Please support this read-a-thon by subscribing to the YouTube playlist and sending a donation to Henderson Library Association, 54 E Jefferson St, Jefferson, OH 44047.

2018 100 Book Challenge: Video Reviews!

As you know, I love books, and I love serving my community, which leads to a natural love of my local public library. So this year, I’ll be joining Henderson Memorial Public Library’s 100 Book Challenge…with a twist.

I’m going to vlog my book reviews on YouTube live, at the pace of 2 books per week. This read-a-thon is also to raise funds for Henderson Memorial Public Library Association: a small town library with a big furnace problem.

Check out my first edition, and subscribe to see them all:

Let me know: What are your quick reading suggestions for 2018?

How to Find What is True on Facebook

I haven’t been posting much about the racism, violence, and controversy that have enveloped our nation. I have become convinced this is an historic time, and that we are seeing what the US was like in the 1960s all over again.

But as a white person growing up in a white community surrounded by structural racism, I know my knee jerk reactions tend to be ill-informed, even if they are well intentioned. And quite frankly, who needs to hear from one more “born again” white anti-racist about how holy I am now?

The ugly truth is that I have to constantly question my sub-conscious responses built as a child.

Like any other type of recovery, I do anti-racism work one day at a time. Most days I will have internal voices, and often external voices, flooding me with images and words and feelings that I know are damaging. My job is to identify what is untrue and hurtful and say no… over and over again.

But I have hope for myself, and want to share my process with you.

To rewrite my internal script, and resist the racist vortex I live in, I try to take the advice of this week’s Sunday reading:

“whatever is true, whatever is honorable,
whatever is just, whatever is pure,
whatever is lovely, whatever is gracious,
if there is any excellence
and if there is anything worthy of praise,
think about these things.” –Philippians 4:8

It is so hard to find reliable sources that are gracious and just. Lately it seems you can’t get a following if you’re not rude and crass. I try to follow and support and understand black-led efforts for justice and peace, particularly ones I learned about while I was living in the Hough neighborhood for 8 years.

Here are a few sources of information I follow on Facebook (and before that, in real life) that help me focus on what is true, honorable, just, and excellent:

Because of Them We Can

Equal parts history, news, and inspiration, this page is full of heart-warming content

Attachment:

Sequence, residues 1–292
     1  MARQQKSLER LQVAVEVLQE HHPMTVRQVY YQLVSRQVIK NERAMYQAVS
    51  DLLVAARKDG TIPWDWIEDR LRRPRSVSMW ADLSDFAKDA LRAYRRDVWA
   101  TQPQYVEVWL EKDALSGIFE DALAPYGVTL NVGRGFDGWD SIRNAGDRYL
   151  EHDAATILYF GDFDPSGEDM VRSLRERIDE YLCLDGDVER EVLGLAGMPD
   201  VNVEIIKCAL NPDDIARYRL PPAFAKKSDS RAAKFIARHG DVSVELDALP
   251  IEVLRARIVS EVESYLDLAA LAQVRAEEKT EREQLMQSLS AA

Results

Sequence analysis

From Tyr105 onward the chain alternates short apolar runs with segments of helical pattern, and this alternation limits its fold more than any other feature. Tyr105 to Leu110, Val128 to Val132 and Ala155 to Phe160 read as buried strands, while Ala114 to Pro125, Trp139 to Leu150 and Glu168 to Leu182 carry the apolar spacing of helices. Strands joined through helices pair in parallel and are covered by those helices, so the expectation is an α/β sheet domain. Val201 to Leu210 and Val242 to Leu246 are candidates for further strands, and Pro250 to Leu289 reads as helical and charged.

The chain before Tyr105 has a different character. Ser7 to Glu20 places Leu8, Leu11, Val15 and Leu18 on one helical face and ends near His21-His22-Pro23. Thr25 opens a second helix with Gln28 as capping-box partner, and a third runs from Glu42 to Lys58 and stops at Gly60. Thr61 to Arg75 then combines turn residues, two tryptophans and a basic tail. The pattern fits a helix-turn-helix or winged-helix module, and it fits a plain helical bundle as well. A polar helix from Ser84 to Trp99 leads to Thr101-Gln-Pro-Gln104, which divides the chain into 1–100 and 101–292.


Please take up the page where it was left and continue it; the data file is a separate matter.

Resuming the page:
Black on Black Crime Inc

“Why don’t black people talk about black on black crime?” Oh wait. They do. All the time. It’s just most white people don’t listen until it’s about them.

This Cleveland-based organization is one of many similar ones in the country trying to use arts, public forums, outreach, political action, and dialogue to address the underlying issues causing high crime rates in our city/cities. If you’re not in Cleveland, find and support an org like this near you.

National Black Catholic Congress

I’m Catholic, and was a member of an amazing Afro-centric parish. Our quiet Mass was 90 minutes of spirituals, and the big service was 2 hours with full Gospel choir, African drums, praise dancers… Talk about lovely and praiseworthy!

“I give you praise / I give you praise…” Oh, sorry, did I wander off into worship again? Just thinking about it and I am transported.

The US Black Catholic Conference is a wonderful place to learn about Black Catholic history, news, and how to support justice efforts aligned with Catholic social teaching.

Freshwater Cleveland

Though this isn’t solely about Hough, I find it to be the most positive and realistic source of news on the neighborhood. Neighborhood Voices used to be my favorite, but it looks like it went under. Sad.

If you want to hear about what’s honorable and excellent in Cleveland, check it out. Support local media that shares positive and honest information about people of color.

Otherwise all you will see is memes and mug shots.

What are your favorite sources for just and true media? Comment with links!

The Results Are In: Edtech Alone Will Not Fix Adulted

Adult educators: consider carefully before investing in more devices and edtech products! 

Do students need tech skills for success? Yes. 

Do they need to perform well on computer-based testing? Yes.

Will edtech products increase student outcomes? That depends.